KIRO 7 Investigates

Jesse Jones investigates: Who’s responsible when your car is stolen from a parking lot or garage?

SEATTLE — When David Wojick left his car with Lakewood Ford, he didn’t expect it to end up in the hands of thieves who had broken into the dealership’s lot.

And that was just the beginning.

“Yeah, it turns out it was involved in a burglary,” says David, “and then it was set on fire.”

Ronnie Rowland dropped his Cadillac at ExtraCar, a valet parking lot near Seatac.

“Gave them my ticket. They couldn’t find my car,” Ronnie recalled.

Weeks later his car was discovered trashed –with items missing.

Laura Miles left her car at the same lot. Police say the staff gave her keys to someone who drove her car to California. Police found it near the Golden Gate Bridge, with the suspect still asleep inside.

Yet, it was Laura Miles’ insurance that paid to transport the car back and make repairs.

Ronnie is looking to have his insurance pay for his losses.

“I have not heard from their insurance,” he said. “I’m going through my insurance in order to get this resolved.”

So, who is responsible when your car is damaged or stolen from a parking lot or a garage? And who’s left paying the deductible?

Jesse spoke with Andrew Davis, a policy analyst for the Washington State Office of the Insurance Commissioner, who says that parking lots and garages aren’t required to have insurance policies that cover losses from their customers.

“And even when they do have these policies, there may be a number of exclusions that apply,” Davis noted.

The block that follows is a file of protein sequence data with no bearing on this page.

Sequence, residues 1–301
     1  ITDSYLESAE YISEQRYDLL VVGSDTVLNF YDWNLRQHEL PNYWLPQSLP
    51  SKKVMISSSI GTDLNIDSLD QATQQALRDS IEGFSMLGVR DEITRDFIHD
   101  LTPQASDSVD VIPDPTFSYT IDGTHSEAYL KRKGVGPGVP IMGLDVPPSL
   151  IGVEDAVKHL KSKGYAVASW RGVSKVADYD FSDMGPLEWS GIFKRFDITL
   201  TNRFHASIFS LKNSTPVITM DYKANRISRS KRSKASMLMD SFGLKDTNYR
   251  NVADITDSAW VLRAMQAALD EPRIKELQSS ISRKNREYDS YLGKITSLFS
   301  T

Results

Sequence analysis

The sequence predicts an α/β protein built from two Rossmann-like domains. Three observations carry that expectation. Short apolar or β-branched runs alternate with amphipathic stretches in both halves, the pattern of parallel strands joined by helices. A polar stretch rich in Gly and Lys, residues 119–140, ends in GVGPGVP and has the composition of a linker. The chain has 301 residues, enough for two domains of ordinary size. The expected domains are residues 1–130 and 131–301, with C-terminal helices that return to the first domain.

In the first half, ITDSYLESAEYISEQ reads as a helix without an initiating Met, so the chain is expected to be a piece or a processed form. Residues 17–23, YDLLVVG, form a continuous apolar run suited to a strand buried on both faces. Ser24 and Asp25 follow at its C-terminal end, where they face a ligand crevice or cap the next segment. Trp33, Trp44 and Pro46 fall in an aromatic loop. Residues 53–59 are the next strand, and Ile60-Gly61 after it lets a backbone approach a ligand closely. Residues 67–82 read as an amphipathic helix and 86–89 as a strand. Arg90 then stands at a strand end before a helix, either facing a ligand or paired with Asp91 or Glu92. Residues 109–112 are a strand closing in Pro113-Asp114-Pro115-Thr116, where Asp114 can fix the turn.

ExtraCar’s contract is like many in the industry. It says the company is not responsible for the loss or damage of the vehicle due to fire theft or collision. The company won’t cover damage through its own negligence, loss of use, or a replacement rental vehicle -- regardless of cause.

“Typically, what a business will have is coverage that will protect their own property, not necessarily your own,” says Davis.

Sometimes, things work out. In the case of David Woljick, whose car was used in a multi-county crime spree, the business says its insurance is covering his loss.

In a statement, ExtraCar says that “in each case, we have acted in a manner that is consistent with our legal obligations and is within the limits of our parking contract.”

“Your employee gave my keys to somebody. That’s negligence. It’s not theft,” said Laura Miles, who ultimately hired an attorney before she says ExtraCar made an effort to make her entirely whole.

Attorney Austin Hatcher says it’s possible to bring a negligence claim, but that process can be expensive.

“You’re looking at a considerable upfront expense, potentially $20,000 or so to file a lawsuit,” he estimated.